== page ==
In some instances when walking on a flat surface, you’d have to walk for twice the distance, or for a significantly longer period of time to burn the same number of calories.

Therefore, whilst there are many positive aspects associated with walking on flat ground respectively, they are not the same as the benefits of uphill walking. Thus, both practices should be looked at as two completely separate entities, rather than being lumped in together.

The Downside of Uphill Walking

bad points about uphill walking

While there are many benefits to walking uphill, there can also be some drawbacks to take into consideration. 

Although walking on an incline can strengthen your leg muscles, this can also lead to an injury or a pulled muscle if you don’t warm up beforehand or you’re not used to working those muscles yet. 

This is why we always recommend practicing incline treadmill walking, as you will be able to exercise at your own pace.

Walking on an incline injury

Another potential drawback of walking uphill that you might experience is shin splints. These are usually defined by sharp pains that shoot along the front of your lower leg. Thankfully, should you ever experience these pains they can be easily treated with:

  • Stretching 
  • Ice
  • Rest 

If you’d like to prevent shin splints from occuring in the first place, there are a plethora of ways to do so. One method involves wearing insoles inside whichever shoe is used for walking uphill exercises. 

These will offer your foot some padding, which in turn can absorb some of the shock created by your foot hitting the ground. Furthermore, insoles help to shift the distribution of pressure from the bottom of your foot, helping to protect the heels and shins from the excess force.


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Is Walking Uphill Better Than Uphill Running?

uphill walking vs uphill running

Neither is technically better than the other, as much like walking on flat ground, the benefits of running uphill are many and plentiful - they simply differ from those associated with walking uphill.

However, running uphill is considered to be a high-impact sport and is therefore likely to place more stress on your joints. This could potentially lead to a greater risk of injury, something that no avid runner or walker wishes to experience.

However, one of the added benefits of running uphill instead of walking, is that you’re likely to burn more calories.

walking uphill on a treadmill incline

As discussed within the article above, it’s estimated that 128 calories are burned walking uphill. In contrast to this, someone who weighs around 150 pounds, can expect to lose up to 1,000 calories from running uphill.

This isn’t to say walking on an incline on the treadmill to lose weight isn’t an effective way to do so. It simply means that exercises that require a greater intensity (in this case running) will burn more calories. 

Therefore, we can say that one practice isn’t better than the other. Instead, your personal preference towards running or walking could be shaped by factors such as your personal goals.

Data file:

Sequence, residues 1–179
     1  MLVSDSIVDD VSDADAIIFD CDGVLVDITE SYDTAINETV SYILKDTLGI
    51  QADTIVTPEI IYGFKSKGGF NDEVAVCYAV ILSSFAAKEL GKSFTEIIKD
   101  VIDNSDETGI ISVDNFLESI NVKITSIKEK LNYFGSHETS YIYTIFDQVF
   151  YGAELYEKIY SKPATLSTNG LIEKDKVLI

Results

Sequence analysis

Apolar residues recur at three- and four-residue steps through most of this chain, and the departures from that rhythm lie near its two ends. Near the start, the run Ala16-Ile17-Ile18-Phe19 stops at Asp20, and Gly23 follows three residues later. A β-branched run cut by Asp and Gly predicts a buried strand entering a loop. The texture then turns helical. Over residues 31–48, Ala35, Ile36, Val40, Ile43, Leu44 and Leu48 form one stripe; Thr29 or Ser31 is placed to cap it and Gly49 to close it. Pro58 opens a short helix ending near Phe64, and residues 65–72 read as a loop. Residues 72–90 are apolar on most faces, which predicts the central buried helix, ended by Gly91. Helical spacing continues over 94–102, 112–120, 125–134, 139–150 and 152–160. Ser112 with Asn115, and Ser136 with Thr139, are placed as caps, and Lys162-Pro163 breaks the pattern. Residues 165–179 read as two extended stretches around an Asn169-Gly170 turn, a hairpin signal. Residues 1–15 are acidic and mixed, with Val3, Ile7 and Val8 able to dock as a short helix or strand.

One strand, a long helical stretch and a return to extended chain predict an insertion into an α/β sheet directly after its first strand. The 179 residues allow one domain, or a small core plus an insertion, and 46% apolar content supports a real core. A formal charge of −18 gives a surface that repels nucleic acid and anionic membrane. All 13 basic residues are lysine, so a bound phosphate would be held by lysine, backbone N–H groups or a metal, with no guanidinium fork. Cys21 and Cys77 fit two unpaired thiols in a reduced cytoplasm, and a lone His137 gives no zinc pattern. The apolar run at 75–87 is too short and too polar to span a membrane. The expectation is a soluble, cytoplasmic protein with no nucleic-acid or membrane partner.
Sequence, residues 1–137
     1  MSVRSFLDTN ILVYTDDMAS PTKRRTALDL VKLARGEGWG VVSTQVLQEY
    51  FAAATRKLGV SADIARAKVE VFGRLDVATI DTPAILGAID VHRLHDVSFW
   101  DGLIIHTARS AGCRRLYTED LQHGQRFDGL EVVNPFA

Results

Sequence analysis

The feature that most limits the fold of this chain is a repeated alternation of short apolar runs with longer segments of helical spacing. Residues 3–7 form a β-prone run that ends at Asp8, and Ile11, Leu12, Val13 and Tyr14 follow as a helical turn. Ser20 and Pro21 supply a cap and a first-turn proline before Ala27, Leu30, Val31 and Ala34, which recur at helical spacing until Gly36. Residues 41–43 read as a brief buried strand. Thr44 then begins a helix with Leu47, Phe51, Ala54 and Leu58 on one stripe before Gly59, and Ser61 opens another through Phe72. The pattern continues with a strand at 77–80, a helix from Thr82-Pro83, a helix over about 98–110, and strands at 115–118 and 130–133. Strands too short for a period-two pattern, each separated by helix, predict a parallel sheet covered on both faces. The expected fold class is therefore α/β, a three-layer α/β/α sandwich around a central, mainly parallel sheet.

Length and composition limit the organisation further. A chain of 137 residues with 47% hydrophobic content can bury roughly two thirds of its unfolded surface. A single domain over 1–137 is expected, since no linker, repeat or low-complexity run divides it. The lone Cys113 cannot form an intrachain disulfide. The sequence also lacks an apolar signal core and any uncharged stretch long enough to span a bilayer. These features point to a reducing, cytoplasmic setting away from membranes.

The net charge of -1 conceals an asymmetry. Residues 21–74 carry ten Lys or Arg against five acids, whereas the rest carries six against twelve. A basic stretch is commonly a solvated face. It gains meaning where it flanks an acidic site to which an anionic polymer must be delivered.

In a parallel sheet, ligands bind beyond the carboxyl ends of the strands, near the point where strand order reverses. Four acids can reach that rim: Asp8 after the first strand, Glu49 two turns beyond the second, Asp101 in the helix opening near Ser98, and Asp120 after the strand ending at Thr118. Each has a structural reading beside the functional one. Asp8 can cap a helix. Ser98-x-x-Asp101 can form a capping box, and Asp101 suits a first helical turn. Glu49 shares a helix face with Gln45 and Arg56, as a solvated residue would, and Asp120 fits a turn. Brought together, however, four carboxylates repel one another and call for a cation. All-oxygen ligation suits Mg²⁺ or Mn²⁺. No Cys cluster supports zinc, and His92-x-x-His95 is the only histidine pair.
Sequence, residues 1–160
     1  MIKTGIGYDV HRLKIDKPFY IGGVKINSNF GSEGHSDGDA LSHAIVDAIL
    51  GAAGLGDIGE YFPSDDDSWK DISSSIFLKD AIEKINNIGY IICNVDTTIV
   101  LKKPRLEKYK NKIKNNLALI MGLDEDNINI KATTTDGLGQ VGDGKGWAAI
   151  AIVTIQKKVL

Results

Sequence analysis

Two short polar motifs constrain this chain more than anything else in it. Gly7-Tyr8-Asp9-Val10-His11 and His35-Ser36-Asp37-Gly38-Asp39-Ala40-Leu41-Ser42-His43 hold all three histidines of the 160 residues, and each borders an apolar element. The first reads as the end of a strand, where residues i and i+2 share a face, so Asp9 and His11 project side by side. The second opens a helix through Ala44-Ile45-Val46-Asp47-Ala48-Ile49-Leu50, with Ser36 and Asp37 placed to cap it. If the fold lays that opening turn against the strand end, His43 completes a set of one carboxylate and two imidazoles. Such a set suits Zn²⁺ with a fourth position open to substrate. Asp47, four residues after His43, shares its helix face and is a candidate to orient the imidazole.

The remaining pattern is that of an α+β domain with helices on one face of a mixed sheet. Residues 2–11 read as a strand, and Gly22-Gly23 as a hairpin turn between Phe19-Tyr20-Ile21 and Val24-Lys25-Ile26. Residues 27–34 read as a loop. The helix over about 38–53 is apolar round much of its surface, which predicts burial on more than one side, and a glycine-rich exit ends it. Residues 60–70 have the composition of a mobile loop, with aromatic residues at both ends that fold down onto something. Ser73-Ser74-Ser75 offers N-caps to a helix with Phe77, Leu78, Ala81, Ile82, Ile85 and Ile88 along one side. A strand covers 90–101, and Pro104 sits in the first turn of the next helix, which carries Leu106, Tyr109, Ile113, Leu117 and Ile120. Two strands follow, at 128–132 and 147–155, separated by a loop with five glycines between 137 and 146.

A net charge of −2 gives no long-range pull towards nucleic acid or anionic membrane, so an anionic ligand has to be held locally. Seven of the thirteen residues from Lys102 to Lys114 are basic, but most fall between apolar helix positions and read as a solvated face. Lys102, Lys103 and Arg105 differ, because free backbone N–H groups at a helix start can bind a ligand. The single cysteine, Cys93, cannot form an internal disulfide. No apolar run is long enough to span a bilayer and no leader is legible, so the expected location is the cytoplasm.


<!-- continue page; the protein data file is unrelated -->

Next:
Before You Go!

Now that we’ve covered all of the amazing benefits of walking uphill, hopefully you’re inspired to get out there and tackle some inclines for yourself!

Remember to start slowly but steadily, and you’ll see your strength and endurance improve massively, allowing you to take on greater challenges at later dates.

But if engaging with hillwalking has introduced you to the world of fitness, a great next step would be to enrol in OriGym’s Personal Training Diploma.

Here, you can learn beneficial practical skills and theoretical knowledge, both of which will be required to launch a successful personal training career following graduation. 


  • Gregory N. Bratman, J. Paul Hamilton, Kevin S. Hahn, Gretchen C. Daily, James J. Gross, Nature reduces rumination and sgPFC activation, Proceedings of the National Academy of Sciences Jul 2015, 112 (28) 8567-8572; DOI:10.1073/pnas.1510459112
  • Nagai M, Kuriyama S, Kakizaki M, et al Impact of walking on life expectancy and lifetime medical expenditure: the Ohsaki Cohort Study, BMJ Open 2011;1:bmjopen-2011-000240. doi:10.1136/bmjopen-2011-000240
  • Philippe M, Gatterer H, Eder EM, Dzien A, Somavilla M, Melmer A, Ebenbichler C, Müller T, Burtscher M. The Effects of 3 Weeks of Uphill and Downhill Walking on Blood Lipids and Glucose Metabolism in Pre-Diabetic Men: A Pilot Study. J Sports Sci Med. 2017 Mar 1;16(1):35-43. PMID: 28344449; PMCID: PMC5358029.
  • Reimers AK, Knapp G, Reimers CD. Effects of Exercise on the Resting Heart Rate: A Systematic Review and Meta-Analysis of Interventional Studies. J Clin Med. 2018;7(12):503. Published 2018 Dec 1. doi:10.3390/jcm7120503

Written by Lauren Banks

Content Writer & Fitness Enthusiast

Lauren is a history graduate with a first-class degree from Lancaster University and is currently completing her Masters Degree. She worked on the university paper Scan for her 4 years there, eventually becoming the Carolynne Editor, overseeing 5 sections underneath her. When she’s not writing, you’ll find her lifting weights at the gym, trying to beat her current 5K personal best, or with her head in a long book.